Want Better Google Analytics Data? Learn To Tag Your Campaigns!

One of the most important hurdles to tackle before analyzing data is collecting clean and correct data. There are many ways to make your data more accurate; tagging is one of them.

Although the correct tagging of your campaigns seems something basic, I still see a lot of companies and websites that aren’t tagging at all or do it in a wrong way. In this article, I will explain the major tagging issues and how to tag correctly.

Campaign Tagging Problems

The most important issue with tagging your campaigns is the involvement of many different colleagues and partners.

With the implementation of a Google Analytics code or the configuration of goals, you are most of the time depending on one or two people.

With the tagging of your campaigns, often multiple people are involved because the search marketer, affiliate marketer, email marketer, display marketer, social marketer, external banner, display partners, etc., all have to tag their campaigns. More people involved means a bigger chance for errors. Even if all of your colleagues are tagging, it is unlikely that they all use the same notation.

For example, email marketing can be described as e-mail, email, Email, E-mail or mail. If not everyone is using the same notation, Google Analytics will report multiple notations for the medium email marketing. This makes a correct way of analyzing the data more difficult.

The use of capitals can be solved by configuring lowercase filters on the different parameters. These parameters will make sure that the mediums email and Email will return in Google Analytics as email.

More on the use of lowercase filters can be found here: http://www.google.com/support/analytics/bin/answer.py?answer=55593.

To solve the different notations of the word email, a tagging plan is required. (Although this could also be done by the search and replace filter, I would recommend using a clear tagging plan.)

Create A Tagging Plan

Most of the people who read Search Engine Land understand what campaign tagging is and why it is important; however, some people who have to use campaign tagging don’t. This is exactly why it is necessary to start with an explanation of what campaign tagging is and why it is important.

The next step is to identify all colleagues involved in the campaign tagging process and to make a clear structure of how to tag campaigns.

Before starting with an example, it is important to know that there are five campaign tracking parameters of which three are required (utm_medium, utm_source and utm_campaign):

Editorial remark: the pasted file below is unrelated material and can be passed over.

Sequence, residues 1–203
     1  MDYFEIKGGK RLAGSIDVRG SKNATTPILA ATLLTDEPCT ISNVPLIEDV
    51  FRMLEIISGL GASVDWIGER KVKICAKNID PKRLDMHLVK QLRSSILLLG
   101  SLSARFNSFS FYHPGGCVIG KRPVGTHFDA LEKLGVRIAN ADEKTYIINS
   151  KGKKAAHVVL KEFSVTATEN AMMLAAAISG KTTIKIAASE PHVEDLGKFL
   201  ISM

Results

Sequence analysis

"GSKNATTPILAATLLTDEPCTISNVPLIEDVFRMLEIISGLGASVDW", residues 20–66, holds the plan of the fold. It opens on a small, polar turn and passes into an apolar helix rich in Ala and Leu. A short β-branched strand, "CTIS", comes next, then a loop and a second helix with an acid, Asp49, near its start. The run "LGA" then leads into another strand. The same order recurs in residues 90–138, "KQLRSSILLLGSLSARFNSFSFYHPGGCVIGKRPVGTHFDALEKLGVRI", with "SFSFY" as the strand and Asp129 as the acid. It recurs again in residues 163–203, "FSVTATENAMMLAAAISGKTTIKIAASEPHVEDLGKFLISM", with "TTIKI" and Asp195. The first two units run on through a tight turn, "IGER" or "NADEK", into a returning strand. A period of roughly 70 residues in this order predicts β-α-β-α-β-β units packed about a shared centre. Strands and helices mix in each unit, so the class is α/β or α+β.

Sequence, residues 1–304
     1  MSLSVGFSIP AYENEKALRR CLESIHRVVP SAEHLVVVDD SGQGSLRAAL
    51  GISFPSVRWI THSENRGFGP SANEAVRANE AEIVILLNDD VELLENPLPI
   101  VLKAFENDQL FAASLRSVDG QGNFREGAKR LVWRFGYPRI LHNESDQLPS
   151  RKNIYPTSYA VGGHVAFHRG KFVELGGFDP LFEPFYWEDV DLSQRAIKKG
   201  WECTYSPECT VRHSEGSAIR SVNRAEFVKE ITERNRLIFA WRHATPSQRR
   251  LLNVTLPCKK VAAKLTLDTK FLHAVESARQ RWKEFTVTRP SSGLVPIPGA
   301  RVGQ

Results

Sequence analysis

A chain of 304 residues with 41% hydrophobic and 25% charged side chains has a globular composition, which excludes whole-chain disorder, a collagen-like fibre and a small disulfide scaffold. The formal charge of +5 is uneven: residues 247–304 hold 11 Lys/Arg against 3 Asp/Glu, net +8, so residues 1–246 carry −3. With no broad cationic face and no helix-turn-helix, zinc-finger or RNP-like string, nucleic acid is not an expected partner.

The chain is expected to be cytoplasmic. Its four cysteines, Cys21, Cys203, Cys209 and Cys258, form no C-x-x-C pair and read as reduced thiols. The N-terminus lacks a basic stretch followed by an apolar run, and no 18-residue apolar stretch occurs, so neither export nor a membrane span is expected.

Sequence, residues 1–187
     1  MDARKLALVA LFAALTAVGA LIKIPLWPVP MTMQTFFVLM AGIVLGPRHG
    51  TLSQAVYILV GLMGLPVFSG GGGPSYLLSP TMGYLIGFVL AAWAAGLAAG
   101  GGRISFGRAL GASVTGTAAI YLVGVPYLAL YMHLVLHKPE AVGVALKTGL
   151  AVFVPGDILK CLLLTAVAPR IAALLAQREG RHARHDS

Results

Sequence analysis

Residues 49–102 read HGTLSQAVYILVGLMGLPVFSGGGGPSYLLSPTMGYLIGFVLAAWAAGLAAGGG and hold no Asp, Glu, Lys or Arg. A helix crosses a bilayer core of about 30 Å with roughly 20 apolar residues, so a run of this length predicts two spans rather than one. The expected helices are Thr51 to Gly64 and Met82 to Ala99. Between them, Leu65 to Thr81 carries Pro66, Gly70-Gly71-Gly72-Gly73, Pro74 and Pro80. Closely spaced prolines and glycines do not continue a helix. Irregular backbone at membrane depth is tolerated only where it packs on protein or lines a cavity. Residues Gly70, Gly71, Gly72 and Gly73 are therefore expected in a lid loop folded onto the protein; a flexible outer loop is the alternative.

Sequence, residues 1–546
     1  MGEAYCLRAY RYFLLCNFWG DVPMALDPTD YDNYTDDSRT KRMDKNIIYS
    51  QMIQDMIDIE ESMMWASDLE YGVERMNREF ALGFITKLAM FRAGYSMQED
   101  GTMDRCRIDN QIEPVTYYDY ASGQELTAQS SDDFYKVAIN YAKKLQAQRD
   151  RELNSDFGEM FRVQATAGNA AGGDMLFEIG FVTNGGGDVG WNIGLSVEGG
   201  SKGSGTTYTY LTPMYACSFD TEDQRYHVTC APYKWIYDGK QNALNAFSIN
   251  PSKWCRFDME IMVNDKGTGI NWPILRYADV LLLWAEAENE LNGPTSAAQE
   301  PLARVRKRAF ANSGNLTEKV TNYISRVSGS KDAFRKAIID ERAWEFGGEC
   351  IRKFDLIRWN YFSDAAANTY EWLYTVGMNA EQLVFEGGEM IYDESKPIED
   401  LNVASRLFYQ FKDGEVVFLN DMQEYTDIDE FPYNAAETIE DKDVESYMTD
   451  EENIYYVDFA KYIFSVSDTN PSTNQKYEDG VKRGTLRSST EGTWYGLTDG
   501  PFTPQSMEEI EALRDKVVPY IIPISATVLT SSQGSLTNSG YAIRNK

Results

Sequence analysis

• utm_medium: identifies the channel of a campaign (i.e. email, affiliate, display)
    • utm_source: identifies the source within a channel (i.e. name of an affiliate network)
    • utm_campaign: identifies a campaign within one or more sources / channels (i.e. Newsletter April)
    • utm_content: extra parameter for some extra information regarding content (i.e. banner1, textlink2, bottom link)
    • utm_term: is specific for non-AdWords paid search and gives you the possibility to identify the keyword

In the following example, the traffic comes from email marketing, affiliate marketing, display marketing, social media and external partnerships. I will only use the required parameters, but for even deeper analysis you could also make use of the other parameter(s).

Email Marketing

 

For email marketing, you might use the following tag for your campaigns:

?utm_source=newsletter&utm_medium=email&utm_campaign=newsletter_week20

Within Google Analytics, you can then find the collected data for this under All Traffic Source as “newsletter / email”.

Normally the Email Marketing Software that you use can place the tag that you want automatically after all URLs you use for your email marketing campaigns.

Variable parameters

  • utm_campaign is variable

For each newsletter that you send, change the week or month number, so you can identify which newsletter it is. When you analyze the data, click to Campaigns and you can see the results of the different newsletters.

Affiliate Marketing

 

For affiliate marketing, use the following tag:

?utm_source=commisstion-junction&utm_medium=affiliate&utm_campaign={affiliateID}

Within Google Analytics, you can then find the collected data under All Traffic Source as “commission-junction / affiliate”

Normally, the Affiliate Network you work with can place the tag you want automatically after all Affiliate URLs. They also can make sure the affiliateID is tagged.

Variable parameters

  • utm_source is variable — fill in the name of the Affiliate network you work with.
  • utm_campaign is variable — this will be the affiliateID.

Some examples:

  • utm_source=commission-junction
  • utm_source=clickbank

Partnerships

 

For partnerships, you might use the following tag:

?utm_source=startpagina&utm_medium=partnerships&utm_campaign=springsale